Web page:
IT’S an enormous relief to find that Sir Stamford Raffles wasn’t umbilically tied to Singapore. Our southern neighbour has always taken an innovative line on the British colonial presence. All the good points of imperial ambition have been condensed in the form of this one individual, who was by the standards of the time quite a role model. This doesn’t mean he spent much time in Singapore. As a new exhibition at the British Museum shows, he actually gave more of his short life to Java.
Despite the exhibition being called “Sir Stamford Raffles: Collecting in Southeast Asia 1811-1824”, it’s really about Java, despite arriving at the British Museum via the Asian Civilisations Museum in Singapore. The end date 1824 marks the British taking over the whole of Singapore, a few years after Raffles had been removed as the British governor of Java.
More than just a traveller and administrator, he was a linguist and scholar with an eye for aesthetics. Unlike most British colonial bureaucrats, he was a tireless collector. His accumulated works are largely what the British Museum has on display.
The politics of Java was complicated during the Napoleonic Wars, which reached all the way over to Southeast Asia. Having been the top man in Java for a few years, at the age of 30, he had to leave in 1816. Most of his economic ambitions had been a disaster. One of the few administrative innovations that lasted was driving on left – as opposed to the usual Continental, Dutch practice of driving on the right.
His appreciation of local culture – when not attacking the royal courts – was more successful. He took back with him numerous Javanese objects. These included almost 450 puppets, over 700 coins, more than 350 drawings, over 130 masks, more than 120 small metal sculptures and five small stone sculptures. Once he was back in Britain, Raffles’ collections became a centre of attention as so little was known about Java in Europe at the time. At this point, Raffles the scholar got down to his comprehensive History of Java, published in 1817.
THE JAVANESE COLLECTION
The Javanese heritage that Raffles brought back to England was not all pillaged. At least most of it survived unlike his collections from Sumatra, which all went down when his ship sank. The main Javanese collections are divided into two groups: there are drawings of ancient Hindu-Buddhist stone monuments and stone sculpture, numerous small metal sculptures, and a few small stone sculptures from the early historic period (6th–15th centuries). The other, very different, group comprises theatrical items from 18th to early 19th-century Java.
In his History of Java, Raffles discussed topics ranging from geography, botany, agriculture and commerce, to customs associated with major life events, dress, history, antiquities, literature, language and theatre. Despite this, his collections do not reflect the full range of Javanese activities. This may partially be due to the study of human cultures not yet having developed.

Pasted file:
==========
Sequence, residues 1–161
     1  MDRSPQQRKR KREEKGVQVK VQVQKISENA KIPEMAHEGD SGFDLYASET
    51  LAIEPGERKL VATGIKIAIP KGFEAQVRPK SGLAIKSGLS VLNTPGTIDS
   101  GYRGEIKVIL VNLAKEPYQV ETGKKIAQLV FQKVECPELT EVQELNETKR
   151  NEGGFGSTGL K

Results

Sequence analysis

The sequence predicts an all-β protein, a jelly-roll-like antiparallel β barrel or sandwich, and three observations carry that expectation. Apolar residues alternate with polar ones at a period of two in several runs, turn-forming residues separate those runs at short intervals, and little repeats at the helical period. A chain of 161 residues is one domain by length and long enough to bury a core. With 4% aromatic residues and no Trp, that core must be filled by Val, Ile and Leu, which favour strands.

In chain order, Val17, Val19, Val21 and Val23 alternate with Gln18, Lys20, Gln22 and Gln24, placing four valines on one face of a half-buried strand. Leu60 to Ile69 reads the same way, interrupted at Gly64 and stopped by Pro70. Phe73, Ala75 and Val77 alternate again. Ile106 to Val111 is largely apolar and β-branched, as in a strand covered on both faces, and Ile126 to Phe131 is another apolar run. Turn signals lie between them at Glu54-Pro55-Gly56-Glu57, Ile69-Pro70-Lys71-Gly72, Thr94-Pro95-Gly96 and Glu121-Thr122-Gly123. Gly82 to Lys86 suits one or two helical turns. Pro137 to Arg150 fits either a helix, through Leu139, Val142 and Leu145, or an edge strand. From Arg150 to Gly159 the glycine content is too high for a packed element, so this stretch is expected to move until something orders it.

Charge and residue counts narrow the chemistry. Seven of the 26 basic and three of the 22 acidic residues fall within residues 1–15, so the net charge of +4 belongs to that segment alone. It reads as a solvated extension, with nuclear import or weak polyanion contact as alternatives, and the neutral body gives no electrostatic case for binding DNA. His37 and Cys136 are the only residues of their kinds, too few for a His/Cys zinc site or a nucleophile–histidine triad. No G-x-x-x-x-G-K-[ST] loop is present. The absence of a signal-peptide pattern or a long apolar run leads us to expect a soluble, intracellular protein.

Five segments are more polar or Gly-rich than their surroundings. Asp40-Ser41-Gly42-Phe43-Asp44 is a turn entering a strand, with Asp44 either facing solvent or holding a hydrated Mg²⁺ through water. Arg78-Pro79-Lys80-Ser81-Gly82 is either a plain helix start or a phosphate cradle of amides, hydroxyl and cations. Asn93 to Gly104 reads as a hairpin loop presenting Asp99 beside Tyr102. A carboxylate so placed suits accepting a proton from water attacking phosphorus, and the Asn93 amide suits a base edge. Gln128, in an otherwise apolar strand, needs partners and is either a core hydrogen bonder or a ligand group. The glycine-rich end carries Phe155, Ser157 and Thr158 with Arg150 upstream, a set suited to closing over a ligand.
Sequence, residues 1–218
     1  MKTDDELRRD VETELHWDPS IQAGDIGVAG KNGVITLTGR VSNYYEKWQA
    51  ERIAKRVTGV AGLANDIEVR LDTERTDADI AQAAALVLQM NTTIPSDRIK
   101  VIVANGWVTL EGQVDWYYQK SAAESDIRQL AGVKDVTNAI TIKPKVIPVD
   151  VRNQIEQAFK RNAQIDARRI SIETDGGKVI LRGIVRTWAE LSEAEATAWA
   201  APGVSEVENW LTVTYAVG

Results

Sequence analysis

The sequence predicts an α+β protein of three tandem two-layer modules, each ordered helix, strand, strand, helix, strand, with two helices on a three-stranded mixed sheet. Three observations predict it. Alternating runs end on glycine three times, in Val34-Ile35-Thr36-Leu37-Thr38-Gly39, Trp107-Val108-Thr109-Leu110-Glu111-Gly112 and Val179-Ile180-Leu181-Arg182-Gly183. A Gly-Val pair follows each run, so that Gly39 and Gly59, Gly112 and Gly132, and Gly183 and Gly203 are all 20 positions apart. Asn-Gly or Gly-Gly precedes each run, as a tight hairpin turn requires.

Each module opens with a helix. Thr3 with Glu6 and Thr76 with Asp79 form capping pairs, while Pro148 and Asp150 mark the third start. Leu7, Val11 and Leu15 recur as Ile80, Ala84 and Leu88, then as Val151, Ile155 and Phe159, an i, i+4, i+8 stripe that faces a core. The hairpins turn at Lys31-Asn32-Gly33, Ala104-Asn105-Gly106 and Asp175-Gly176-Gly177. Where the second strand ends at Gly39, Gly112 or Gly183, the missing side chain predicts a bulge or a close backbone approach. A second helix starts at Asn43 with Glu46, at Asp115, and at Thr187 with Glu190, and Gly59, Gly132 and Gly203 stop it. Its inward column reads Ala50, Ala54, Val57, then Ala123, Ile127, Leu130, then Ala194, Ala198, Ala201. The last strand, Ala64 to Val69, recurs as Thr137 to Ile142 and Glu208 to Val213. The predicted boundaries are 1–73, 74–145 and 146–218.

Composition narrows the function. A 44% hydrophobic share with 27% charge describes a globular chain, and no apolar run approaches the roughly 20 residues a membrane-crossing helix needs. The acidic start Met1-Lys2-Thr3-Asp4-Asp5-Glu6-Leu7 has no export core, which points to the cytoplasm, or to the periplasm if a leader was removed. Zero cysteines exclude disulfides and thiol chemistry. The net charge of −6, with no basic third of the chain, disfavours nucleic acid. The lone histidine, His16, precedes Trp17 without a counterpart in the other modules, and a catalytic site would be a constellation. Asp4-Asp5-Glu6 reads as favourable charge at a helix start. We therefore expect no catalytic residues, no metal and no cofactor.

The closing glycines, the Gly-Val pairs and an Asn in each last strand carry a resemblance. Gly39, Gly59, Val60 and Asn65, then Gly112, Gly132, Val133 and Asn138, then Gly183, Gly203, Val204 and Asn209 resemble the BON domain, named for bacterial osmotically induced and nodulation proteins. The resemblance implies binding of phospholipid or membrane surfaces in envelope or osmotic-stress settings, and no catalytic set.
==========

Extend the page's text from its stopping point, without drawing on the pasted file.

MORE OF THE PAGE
There’s a suggestion that his intention was certainly not to present an overview of Javanese culture. Somewhat surprisingly, the British Museum thinks it likely that “he amassed specific materials for a particular purpose: to demonstrate that the Javanese were an advanced civilisation (in his opinion) and to chart the historical progression of the island.”
This would make him even more exceptional than had been thought previously. Equally unusual was his interest in pre-Islamic culture at a time when Europe was fascinated by the Islamic world. It seems that his regard from the Hindu-Buddhist roots of the region was stronger than the pull of Islam.
There’s a superb assortment of the small Hindu-Buddhist bronzes that are among the most globally collected element of Southeast Asian art. There’s even an extremely rare Christian work. This large blue-and-white ceramic dish from China shows Jesus being baptised. These items were made in the 18th century for export to Europe; to find one in Java is exceptional.
Where the exhibition shows Islamic works, they tend to be representatives of the transition from pagan to monotheistic belief. There is, for example, a wonderful drawing of the tomb of a Javanese Muslim holy man. It has some of the look of the Taj Mahal about it, but more important for Raffles was the story of how Islam developed in Java.
Inevitably, he also collected kris. In his History of Java, he records that “Cutlery of every type is made by the smith. The most important manufacture of this kind is the kris, or dagger, of the peculiar form known to be worn by all the more civilised inhabitants of the Eastern Islands.”
There’s a strong possibility that Javanese Muslims kept him away from mosques and other locations that might impress European visitors. This was perhaps for the practical reason that they feared the kind of souvenir hunting that was rampant at the time. They would have been right to be wary.
Despite Raffles’ high-minded aspirations, he was as prone to pillage as any other foreign invader. When his forces overran the Sultan of Yogyakarta, they helped themselves to the entirety of the court archives. Raffles was, at least, more interested in the documents. His compatriots walked away with a fortune in gold and gemstones, which are not on display in this exhibition.
Sir Stamford Raffles
Collecting in Southeast Asia 1811-1824 at the British Museum
Ends Jan 12, 2020